Communists need a name change. We do. That name has been so maligned, so distorted that it's impossible to do anything about. I mean the negatives were so great, that despite the positives, and there were many, we are just beat over the head with it and it doesn't matter. There's such a knee jerk reaction. It's never going to work.
So ranted one of the international delegates at the SACP Congress over coffee the other day. It was a little surprising considering he came from one of the more "staunch" European parties.
But he has point. While "COMMUNIST" is a universally recognized brand name, it's negative connotations are also universal.
Or are they?
Events at the South African Communist Party Congress began Wednesday with a panel on socialist developments in Latin America. Representatives from Cuba, Venezuela and Brazil presented views on the sharp left turn taken by Latin American countries. There the Communist movements a experiencing an upsurge in growth with the Communists of Brazil participating in a 11-party coalition government led by the Lula's Workers party. In Venezuela the CP has also more than doubled its size in the last years. Venezuela is also in the process of creating a new socialist party under Chavez's initiative. And of course Cuba enjoys near mythic status on the left, because of the enormous personality and contribution of the aging Fidel Castro. But that's not all, or perhaps even most of it. Cuba has marshaled victory after victory on social issues, with great strides being made in medicine, education and the environment.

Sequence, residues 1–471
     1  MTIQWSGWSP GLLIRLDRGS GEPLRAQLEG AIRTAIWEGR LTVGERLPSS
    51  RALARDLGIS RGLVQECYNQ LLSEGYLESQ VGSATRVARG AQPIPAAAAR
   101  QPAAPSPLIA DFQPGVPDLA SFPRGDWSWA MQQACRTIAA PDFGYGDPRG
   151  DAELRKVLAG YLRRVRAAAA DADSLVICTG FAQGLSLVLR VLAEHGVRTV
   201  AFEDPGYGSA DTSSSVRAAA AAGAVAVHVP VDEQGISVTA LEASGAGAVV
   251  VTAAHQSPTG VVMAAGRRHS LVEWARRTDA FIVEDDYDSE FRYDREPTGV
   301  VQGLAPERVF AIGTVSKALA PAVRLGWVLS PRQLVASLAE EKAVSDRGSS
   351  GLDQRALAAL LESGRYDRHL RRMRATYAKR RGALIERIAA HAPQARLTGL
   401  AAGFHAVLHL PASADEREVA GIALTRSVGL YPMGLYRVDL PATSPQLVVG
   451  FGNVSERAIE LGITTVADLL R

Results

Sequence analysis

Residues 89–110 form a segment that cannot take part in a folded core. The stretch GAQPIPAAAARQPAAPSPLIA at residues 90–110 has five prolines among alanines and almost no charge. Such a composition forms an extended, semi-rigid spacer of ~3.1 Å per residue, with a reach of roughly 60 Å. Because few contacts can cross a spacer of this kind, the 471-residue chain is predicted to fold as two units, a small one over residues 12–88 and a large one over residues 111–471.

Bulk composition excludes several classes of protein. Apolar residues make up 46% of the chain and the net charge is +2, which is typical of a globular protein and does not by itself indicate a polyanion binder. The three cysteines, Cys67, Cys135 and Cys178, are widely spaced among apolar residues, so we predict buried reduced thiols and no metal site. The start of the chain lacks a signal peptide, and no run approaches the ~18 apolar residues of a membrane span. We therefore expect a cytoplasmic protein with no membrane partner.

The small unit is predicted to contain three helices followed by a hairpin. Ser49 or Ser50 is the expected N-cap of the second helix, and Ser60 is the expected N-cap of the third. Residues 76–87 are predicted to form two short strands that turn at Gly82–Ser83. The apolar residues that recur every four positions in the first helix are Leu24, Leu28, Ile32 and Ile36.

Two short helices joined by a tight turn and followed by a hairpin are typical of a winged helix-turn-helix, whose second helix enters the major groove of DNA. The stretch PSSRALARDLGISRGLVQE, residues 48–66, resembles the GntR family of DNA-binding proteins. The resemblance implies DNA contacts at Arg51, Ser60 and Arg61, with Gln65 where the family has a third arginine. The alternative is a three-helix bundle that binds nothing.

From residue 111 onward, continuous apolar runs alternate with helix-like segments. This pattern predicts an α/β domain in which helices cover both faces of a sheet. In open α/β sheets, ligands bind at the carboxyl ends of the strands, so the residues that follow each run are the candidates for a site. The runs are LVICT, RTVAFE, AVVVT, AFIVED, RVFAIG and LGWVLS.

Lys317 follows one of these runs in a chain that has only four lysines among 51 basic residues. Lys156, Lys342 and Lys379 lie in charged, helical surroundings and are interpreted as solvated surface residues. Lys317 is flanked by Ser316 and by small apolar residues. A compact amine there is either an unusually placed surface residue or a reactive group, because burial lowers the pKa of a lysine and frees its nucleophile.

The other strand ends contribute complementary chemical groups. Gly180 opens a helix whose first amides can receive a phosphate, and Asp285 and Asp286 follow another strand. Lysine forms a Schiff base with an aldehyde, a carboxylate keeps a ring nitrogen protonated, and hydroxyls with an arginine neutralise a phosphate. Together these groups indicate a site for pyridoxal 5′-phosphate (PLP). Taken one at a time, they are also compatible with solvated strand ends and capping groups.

By the way, South Africa's Communist Party according to convention documents has also experienced a spurt in growth with over 55,000 members filling its ranks. The number of women delegates was really striking at this Congress in stark contrast to previous meets.
So obviously in some place "brand name" is not such a big problem.
I suggested as much to the troubled speaker, pointing not to Latin America or South Africa, but to the good old USA, where trade union anti-Communist clauses have been gotten rid of now almost a decade ago and where Communists gain growing recognition and respect in peace, labor and civil rights struggles. Which is not to suggest everything is honky dory, but rather that a change has been made in the public's attitude.
I asked my new friend whether it might not be more a generational issue: with the Cold War born baby boomers being most problematic but with younger people more open. At least that has been my experience.
The assembled comrades, all of who were English speaking, paused to think about it. I wonder what blog readers think?
Upcoming international panels will be on the experiences of parties in government; building left networks in Africa and the role of progressive forces in dealing with the Middle East crisis.
One very positive European experience is in Cyprus, where the Communist of the EDON party are the biggest party in the country. They recently won the mayor's office in Nicosia, the country's capital. The experience of EDON suggests, that the name question isn't really a principled issue as the Cypriot Communists have a long proud and principled ideological history.
To me, I think a bigger problem than the name problem is narrow, sectarian and dogmatic practices masquerading as "science" under the banner of Marxism-Leninism. Knee jerk reactions to name will lessen as communists gain confidence, come out of the closet and participate in membership and circulation drives. From this point of view, those who are the most "left" are precisely those who are least willing to be known in public for what they are. And they are all baby boomers and older. But again, I wonder what folks think.